In 1982 Rod returned south to join the Royal Marines Band Commander in Chief Naval Home Command based at Eastney Barracks in Portsmouth, under the direction of Captain Peter Heming.
Rod was amongst the musicians on stage for the 1983 Mountbatten Concert.. and one of the pieces that year was Peter Rabbit & Tales of Beatrix Potter... casting his mind back to his boyhood years at Great Birnam Wood.
Rod was selected for Royal Yacht duty in 1984 and because of his muscularity, his uniform had to be re-tailored, but it didn’t return to him in time, so the boat literally sailed without him.

As a consequence of missing the trip on the Yacht... Rod left Portsmouth in 1984 and was drafted to the Royal Marines Band Commando Training Centre (CTC), where amongst his highlights were enjoying two trips to Belize. Rod... like many ranks at CTC lived in nearby Exmouth where he shared a house with fellow musician John Hart.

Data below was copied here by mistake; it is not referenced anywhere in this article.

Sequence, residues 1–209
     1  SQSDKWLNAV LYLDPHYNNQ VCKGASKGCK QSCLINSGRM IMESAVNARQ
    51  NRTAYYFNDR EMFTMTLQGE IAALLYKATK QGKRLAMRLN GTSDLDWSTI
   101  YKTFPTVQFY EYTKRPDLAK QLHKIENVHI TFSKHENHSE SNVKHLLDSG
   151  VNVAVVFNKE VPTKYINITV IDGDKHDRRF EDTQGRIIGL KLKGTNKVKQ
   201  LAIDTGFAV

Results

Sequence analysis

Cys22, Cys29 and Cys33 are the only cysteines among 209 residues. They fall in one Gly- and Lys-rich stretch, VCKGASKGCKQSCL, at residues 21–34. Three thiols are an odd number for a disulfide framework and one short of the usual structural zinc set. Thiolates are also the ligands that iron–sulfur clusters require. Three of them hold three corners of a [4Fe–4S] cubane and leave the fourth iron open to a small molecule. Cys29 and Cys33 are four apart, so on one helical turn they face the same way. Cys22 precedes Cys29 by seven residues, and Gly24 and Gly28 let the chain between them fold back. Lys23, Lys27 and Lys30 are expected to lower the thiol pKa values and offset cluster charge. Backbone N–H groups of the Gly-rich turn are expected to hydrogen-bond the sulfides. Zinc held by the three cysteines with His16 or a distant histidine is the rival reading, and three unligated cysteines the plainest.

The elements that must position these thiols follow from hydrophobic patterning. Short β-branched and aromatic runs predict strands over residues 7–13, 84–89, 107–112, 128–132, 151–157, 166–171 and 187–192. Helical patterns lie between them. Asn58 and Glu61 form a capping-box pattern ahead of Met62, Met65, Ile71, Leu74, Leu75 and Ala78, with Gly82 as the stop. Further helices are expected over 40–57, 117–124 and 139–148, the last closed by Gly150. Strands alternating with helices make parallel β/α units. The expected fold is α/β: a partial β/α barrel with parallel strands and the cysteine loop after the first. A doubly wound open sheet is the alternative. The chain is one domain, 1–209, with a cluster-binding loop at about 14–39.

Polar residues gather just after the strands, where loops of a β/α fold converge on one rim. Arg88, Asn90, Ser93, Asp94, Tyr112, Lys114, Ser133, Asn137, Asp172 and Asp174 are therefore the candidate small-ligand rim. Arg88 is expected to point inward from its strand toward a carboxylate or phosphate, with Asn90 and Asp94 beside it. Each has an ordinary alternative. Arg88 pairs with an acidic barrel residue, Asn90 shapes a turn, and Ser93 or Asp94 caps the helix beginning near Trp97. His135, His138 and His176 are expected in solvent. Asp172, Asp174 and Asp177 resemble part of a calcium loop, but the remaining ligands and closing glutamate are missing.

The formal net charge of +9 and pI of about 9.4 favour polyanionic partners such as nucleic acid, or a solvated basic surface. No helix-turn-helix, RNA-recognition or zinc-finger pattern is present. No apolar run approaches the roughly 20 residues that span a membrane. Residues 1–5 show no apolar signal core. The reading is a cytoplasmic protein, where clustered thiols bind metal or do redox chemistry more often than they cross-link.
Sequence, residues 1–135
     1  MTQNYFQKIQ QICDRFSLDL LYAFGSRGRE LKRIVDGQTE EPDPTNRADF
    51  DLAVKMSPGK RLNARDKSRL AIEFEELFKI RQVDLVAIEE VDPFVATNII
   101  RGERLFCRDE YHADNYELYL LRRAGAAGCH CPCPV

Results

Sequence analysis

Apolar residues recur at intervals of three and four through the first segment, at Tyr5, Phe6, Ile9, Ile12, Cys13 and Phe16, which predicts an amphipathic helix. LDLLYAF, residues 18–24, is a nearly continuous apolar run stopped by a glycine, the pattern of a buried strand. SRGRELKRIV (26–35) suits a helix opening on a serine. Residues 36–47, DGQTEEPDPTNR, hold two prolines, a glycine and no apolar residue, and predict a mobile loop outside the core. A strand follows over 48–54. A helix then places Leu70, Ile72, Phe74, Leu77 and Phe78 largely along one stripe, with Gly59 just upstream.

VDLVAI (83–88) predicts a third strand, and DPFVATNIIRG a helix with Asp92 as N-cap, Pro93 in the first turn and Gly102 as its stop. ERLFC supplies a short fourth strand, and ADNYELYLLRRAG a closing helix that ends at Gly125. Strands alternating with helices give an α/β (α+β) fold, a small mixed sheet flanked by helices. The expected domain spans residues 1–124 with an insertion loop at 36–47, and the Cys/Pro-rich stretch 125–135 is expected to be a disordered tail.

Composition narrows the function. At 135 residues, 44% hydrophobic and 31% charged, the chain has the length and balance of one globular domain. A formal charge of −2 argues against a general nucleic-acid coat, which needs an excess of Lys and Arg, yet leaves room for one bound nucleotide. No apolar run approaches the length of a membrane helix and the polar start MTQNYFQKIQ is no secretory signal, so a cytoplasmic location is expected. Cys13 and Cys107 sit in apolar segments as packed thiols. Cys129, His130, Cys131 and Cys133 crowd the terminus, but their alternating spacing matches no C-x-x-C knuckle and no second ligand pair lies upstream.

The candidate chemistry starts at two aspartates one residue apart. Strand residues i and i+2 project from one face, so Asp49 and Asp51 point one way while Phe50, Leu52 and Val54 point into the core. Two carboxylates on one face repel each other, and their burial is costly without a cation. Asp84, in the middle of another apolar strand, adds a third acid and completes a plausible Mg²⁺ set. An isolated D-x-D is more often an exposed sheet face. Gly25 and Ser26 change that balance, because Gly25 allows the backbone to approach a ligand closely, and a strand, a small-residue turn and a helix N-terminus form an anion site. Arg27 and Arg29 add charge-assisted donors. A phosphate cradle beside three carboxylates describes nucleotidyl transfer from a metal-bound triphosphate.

As fate dictated... missing the boat was a good thing, consequently Rod met Anne in 1985 while he was based at Lympstone... He was a real fitness freak... and Rod joined a gym called ‘Willows’ in Exeter along with some of his band mates... Anne worked at the gym. It was love at first sight for her and Rod’s oppos helped orchestrate a date with him... and so their adventures together began. Rods keep fit sessions at ‘Willows’ matured into serious body building sessions. The band’s fitness improved dramatically, especially Rod who seemed to get stronger and bigger every time he was seen... Bodybuilding was definitely the order of the day. He would often play in and around Exeter and Exmouth with the Oompah Band and rumour has it his star turn was to perform a little strip tease at the end, which delighted the ladies no end... and quite a few men apparently too!.. the moustache in those early eighties may have helped!